Investors and businesses across the world breathed a collective sigh of relief on Monday, April 16, as military airstrikes on Syria conducted by the US, France, and the UK were revealed to have a relatively limited effect on stock markets – at least for now. The Financial Times reports that US stocks opened the week on a decidedly firm note, while oil prices fell after recently reaching four-year highs. To see that global stocks have not taken a dive is a welcome surprise for the world’s markets, and can be taken as a sign of short-term bullish growth that can ease Syria uncertainties for many.
Although the geopolitical risk has yet to completely evaporate, it is encouraging to note that all sectors of the S&P 500 rose this week by 0.8% to 2,677.84 points, moving back into positive territory. In addition, CNBC reveals that the Dow Jones Industrial Average closed at 24,573.04, surging on by 212.90 points, while the Nasdaq composite advanced 0.7% to close at 7,156.28. All this has led to promising gains in the UK and EU stock markets, which had come off their third straight week of improvements after edging higher on Friday, April 13.
Economic data and earnings proved to be a positive force for global stock markets, something that Nadex attributes to the timing of the airstrikes themselves which are believed to be the biggest intervention by Western countries against current Syrian President Bashar al-Assad. Military strategists had launched their strikes after markets closed on Friday, which may be the reason behind the calm market reactions come Monday morning.
Moreover, markets are gaining confidence as the missile strikes are unlikely to trigger a broader and more prolonged conflict. The sentiment comes after US Secretary of Defense James Mattis described the strikes as a “one-time shot,” aimed at the Syrian government’s chemical weapons infrastructure. As a result, Wall Street has some high expectations for this earnings season, which has taken the global focus off of conflict. Analytics expect a 17.3% increase in first-quarter earnings.
In reaction to this news, UK stocks and the Pound Sterling enjoyed a welcome lift to start the week as well. The Guardian suggests that the currency, which has since risen above $1.43, is on its second highest level since the Brexit vote and is the highest since January 2018. UK markets took a quick dip at the end of Monday but quickly recovered to close April 17 on a high note, bolstered by wage growth. Labor market data revealed that this is the first time wages grew more than inflation in almost a year, which bodes well for UK markets and can help cement expectations for higher rate rises from the Bank of England by May this year.
Stocks in focus
Local stocks finished impressively higher on Tuesday, with the FTSE 100 index posting a 0.39% increase to 7,226.05 points to recover from its recent 0.1% loss. Shares of Associated British Foods PLC closed up with a 4.1% increase, following a rise in first-half revenues in UK Primark stores. Meanwhile, high street retailer JD Sports Fashion PLC rose by 5.4% from a full-year pretax profit of 24% for the 2018 fiscal year.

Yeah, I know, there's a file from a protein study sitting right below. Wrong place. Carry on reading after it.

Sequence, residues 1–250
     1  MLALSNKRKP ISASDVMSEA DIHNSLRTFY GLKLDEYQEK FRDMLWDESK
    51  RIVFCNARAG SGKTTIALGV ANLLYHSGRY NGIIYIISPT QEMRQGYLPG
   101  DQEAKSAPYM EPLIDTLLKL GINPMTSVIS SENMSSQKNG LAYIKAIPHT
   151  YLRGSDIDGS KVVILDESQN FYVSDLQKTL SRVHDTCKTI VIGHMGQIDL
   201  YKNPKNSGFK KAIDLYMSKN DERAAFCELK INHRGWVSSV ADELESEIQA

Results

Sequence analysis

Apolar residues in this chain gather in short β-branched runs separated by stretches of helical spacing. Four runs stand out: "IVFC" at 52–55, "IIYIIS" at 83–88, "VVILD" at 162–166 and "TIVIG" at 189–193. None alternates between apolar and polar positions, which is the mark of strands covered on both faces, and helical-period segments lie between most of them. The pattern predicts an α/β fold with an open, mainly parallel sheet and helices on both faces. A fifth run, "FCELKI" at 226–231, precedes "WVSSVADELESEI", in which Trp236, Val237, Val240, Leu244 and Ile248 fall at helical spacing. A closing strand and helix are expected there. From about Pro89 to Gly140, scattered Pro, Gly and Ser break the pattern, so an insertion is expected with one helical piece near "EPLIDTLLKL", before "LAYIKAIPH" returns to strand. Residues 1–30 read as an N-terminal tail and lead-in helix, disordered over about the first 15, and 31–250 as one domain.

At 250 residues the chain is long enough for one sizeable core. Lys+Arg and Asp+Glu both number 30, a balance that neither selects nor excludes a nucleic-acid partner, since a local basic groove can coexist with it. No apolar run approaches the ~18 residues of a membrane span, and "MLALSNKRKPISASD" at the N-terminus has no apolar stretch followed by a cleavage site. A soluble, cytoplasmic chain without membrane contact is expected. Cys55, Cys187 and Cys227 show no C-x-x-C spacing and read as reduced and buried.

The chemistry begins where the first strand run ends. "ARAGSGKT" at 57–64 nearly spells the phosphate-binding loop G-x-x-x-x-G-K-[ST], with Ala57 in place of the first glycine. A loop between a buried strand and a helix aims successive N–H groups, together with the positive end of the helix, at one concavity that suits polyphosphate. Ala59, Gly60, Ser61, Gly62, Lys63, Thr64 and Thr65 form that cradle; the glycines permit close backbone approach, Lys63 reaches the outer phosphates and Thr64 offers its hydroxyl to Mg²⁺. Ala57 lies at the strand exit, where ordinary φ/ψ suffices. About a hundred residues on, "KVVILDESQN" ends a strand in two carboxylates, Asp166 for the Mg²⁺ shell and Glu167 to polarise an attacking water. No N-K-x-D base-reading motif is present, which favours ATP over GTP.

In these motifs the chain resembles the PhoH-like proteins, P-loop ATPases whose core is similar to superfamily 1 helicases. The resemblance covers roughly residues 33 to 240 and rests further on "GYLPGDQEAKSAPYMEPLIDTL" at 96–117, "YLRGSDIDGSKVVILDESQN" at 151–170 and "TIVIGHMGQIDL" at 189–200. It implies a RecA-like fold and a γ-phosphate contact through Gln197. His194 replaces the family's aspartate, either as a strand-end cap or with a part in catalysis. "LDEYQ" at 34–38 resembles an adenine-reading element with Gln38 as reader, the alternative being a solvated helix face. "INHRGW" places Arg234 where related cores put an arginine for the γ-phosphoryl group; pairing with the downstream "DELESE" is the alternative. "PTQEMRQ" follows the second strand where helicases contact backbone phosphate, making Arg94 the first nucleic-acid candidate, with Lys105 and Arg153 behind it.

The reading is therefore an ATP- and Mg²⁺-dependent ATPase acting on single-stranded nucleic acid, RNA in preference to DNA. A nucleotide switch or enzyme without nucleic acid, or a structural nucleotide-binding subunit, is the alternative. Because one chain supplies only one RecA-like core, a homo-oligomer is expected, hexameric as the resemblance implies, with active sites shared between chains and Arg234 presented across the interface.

Outside Britain, Germany’s DAX 30 index surged by 1.6% to end at 12,585.57 points on Tuesday, the highest posting since February 7. France CAC 40, meanwhile, rose by 0.8% to 5,353.54 to represent its highest since February 2. Overall, The Stoxx Europe 600 index rose 0.8% to 380.77, the highest level since February 27.
The road ahead for investors
In light of all this – the US/UK/France air strikes, and its implications on the global stock market – what is the best course of action for those with stock market investments? Market Watch’s Mark Hulbert suggests everyone should sit tight and “do nothing.”
The investment and trade expert shares that those planning to sell after seeing airstrike headlines or – on the off chance of a retaliation, that Russia has fired back – will already be too late. Investment firms will have quickly sold stocks that are in danger of falling in light of any conflict escalation before you would have heard of news about it. Moreover, the stock market’s post-crisis low is actually a good buying opportunity as nervous investors sell off stock. Market history has shown that stock markets have a knack for rebounding powerfully within six months of geopolitical crises. For instance, the Dow Jones Industrial Average posted positive numbers less than two months after the 9/11 terrorist attacks, higher than they had been on September 10, a day before the crisis. By carefully studying stock market movements in crisis, it can be inferred that the markets eventually makes it back to where they would have been anyway.
Of course, the moral arguments for and against the airstrikes leave much to be discussed. But from an investment standpoint, the lesson is that worrying about your investments in a time of geopolitical crisis actually has no purpose, as the market is bound to bounce back.
As for the UK stock market in general, much and more can be expected from its performance in the coming months. Investors cautiously but optimistically hope to reap the benefits of dropping unemployment rates and a stronger Pound Sterling.